Through the eye of a needle.

You often hear people moaning about how hard it is being sick when you’ve got kids and I’ll admit, it is not easy. We’ve had our fair share of bad luck in that respect, recently. We just experienced 10 weeks straight of illness. It started in September with all four of us getting a stomach bug, which kicked off in a car park when the Bear asked for a cuddle and then projectile vomited all over me and anything within a 3 foot radius. It wasn’t pretty. As is always the case with parents, I had a spare set of clothes for him but not for me. It was grim, I stank but as I was strapping Bear into the car seat to go home he said that he’d ‘had a nice time in the car park, Mummy’. I bloody love that kid. Only my Bear could still be happy after throwing up in a car park. Only he’d think that was a good day out. All of a sudden, I didn’t care that I was covered in his puke. It’s the puke of a real life angel.

In the days that followed, we all got the bug and that was just the start. Since that day, my children between them have had a chest infection, chicken pox, Hand, Foot & Mouth, another chest infection (which took 2 lots of antibiotics and steroids) and diarrhoea back to back. And let’s not forget the devil that is teething.

Other than the initial family stomach bug, I managed to escape unscathed. Or so I thought until last Monday when I got painful stomach cramps and a terrible feeling that ‘something bad was coming’ – imagine that being said by Jon Snow for dramatic purposes.

As usual, I was right (just once it would’ve been nice to be wrong) and I’ve spent an entire week on the loo and unable to eat. (It’s quite ironic really, after my last post about not having a village to support us). It’s been tricky but the small ones have been amazingly caring and so patient. One lunchtime their meal consisted of a brioche roll and a stick of cheese. It was all I could manage and I felt absolutely awful. They, on the other hand, thought it was great. “Picnic”, shouted Bear. “Eeeeee”, shouted Bunni. Not much of a picnic babes but whatever works for ya.

The bed/bath saga is the hardest part when you feel like you’ve died and been back dug up. Hauling my rank carcass up the stairs, behind my happy, screeching beastlies, while knowing what chaos lay ahead was draining but we muddled on and each night, somehow, they were bathed and read to and we were all in bed by 7pm. Huzzah. Not so scary after all.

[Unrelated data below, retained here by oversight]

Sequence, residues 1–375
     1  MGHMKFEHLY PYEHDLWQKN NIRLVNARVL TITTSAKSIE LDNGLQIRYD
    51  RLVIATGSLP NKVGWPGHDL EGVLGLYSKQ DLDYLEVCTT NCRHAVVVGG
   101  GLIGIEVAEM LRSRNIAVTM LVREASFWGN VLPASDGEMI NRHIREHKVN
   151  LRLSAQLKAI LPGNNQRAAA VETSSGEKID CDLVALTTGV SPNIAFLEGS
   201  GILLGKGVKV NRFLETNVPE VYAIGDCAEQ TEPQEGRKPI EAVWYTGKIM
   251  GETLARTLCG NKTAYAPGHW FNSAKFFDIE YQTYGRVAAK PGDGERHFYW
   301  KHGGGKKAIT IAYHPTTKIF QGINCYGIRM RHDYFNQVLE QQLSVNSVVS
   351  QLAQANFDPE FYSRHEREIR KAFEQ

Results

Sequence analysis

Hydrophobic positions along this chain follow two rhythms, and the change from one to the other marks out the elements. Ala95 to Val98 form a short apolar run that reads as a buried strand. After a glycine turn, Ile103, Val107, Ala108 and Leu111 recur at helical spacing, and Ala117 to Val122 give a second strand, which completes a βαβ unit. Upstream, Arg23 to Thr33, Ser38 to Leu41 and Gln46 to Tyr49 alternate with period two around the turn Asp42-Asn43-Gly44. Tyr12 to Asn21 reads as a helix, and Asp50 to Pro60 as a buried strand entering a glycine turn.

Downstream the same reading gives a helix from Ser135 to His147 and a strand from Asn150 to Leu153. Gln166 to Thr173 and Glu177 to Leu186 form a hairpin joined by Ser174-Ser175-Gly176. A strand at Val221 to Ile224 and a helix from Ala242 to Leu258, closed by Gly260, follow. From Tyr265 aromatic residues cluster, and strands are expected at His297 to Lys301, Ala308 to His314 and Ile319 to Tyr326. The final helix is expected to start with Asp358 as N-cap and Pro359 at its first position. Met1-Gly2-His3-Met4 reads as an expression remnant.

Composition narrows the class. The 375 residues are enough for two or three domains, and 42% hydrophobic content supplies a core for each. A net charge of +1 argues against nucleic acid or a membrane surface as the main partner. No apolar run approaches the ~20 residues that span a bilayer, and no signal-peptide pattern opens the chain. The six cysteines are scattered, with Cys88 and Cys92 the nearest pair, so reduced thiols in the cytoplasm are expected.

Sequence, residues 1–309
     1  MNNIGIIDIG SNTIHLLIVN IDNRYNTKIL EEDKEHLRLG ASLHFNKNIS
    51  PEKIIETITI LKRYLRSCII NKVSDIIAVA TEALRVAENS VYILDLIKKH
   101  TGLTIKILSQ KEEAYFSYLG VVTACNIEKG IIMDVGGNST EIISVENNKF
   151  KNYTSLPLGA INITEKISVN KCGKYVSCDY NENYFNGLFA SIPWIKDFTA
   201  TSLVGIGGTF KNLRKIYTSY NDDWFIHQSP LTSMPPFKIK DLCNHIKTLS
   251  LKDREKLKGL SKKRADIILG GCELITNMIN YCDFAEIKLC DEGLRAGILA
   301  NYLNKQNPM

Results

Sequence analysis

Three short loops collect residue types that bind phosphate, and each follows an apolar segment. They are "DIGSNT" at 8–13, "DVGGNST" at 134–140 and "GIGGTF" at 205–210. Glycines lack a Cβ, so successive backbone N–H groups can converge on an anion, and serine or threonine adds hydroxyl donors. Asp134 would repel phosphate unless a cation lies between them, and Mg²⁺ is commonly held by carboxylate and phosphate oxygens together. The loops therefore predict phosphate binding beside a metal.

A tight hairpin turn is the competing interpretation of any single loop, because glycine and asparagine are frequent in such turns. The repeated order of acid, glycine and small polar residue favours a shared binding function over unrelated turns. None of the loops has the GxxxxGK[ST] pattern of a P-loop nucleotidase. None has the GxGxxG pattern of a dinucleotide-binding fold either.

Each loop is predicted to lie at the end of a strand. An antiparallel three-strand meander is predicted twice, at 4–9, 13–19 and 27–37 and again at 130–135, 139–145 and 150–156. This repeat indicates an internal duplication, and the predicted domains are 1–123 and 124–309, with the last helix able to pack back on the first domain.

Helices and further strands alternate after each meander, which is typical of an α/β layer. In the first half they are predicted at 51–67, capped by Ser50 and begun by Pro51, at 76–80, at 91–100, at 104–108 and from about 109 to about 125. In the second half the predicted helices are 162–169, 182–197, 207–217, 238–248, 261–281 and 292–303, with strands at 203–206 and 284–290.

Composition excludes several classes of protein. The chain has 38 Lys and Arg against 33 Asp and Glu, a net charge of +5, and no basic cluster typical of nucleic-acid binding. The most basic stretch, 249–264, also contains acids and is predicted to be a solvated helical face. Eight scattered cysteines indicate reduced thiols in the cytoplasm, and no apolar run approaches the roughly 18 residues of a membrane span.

It’s times like these when you want someone to step in and parent you. You know, give you sympathy and drinks and blankets and treat you like your five again, until the poorlies go away. But that’s not real life and when I started to feel a bit sorry for myself I remembered the Mum’s and Dad’s getting up and dealing with life with kiddies while battling cancer or MS or depression and then I just kind of felt like a bit of a div. Yes, it’s crap to have the craps but it will pass (although I’d like to know when that will be) and when it does, I will be perfectly fine and my family will be intact. There’s no worry or turmoil – unless you count the stress of working out if I can make it to school and back without a whoopsie – and so really, what this bout of being rough has taught me is to be grateful and humble about my health and thankful for the wonderful NHS who treated my babies over the past 10 weeks. We have had bad luck but it hasn’t been life changing. Nothing has altered, we’re all still here and for that I know I am blessed.

So yeah, being ill with kids sucks and we all moan about it. But next time you’re crapping through the eye of a needle and thinking ‘why me?’, spare a thought for the Mum hooked up to chemo hoping she gets to spend another Christmas with her babies or the Dad who is struggling to get out of bed in the morning to play with his kids because of the overwhelming sense of despair that darkens his every thought and threatens to take him away from them. So be grateful not whiny.

That being said, I’m off to the loo. Sorry for the info. You’re welcome.

2 thoughts on “Through the eye of a needle.

  1. This was a great post and puts so much into perspective. I’ve never thought about having little people dependent on you when you’re at death’s door, but it sounds like you struggled through triumphantly! You’re doing a terrific job and good on you! 🙂

    Liked by 1 person

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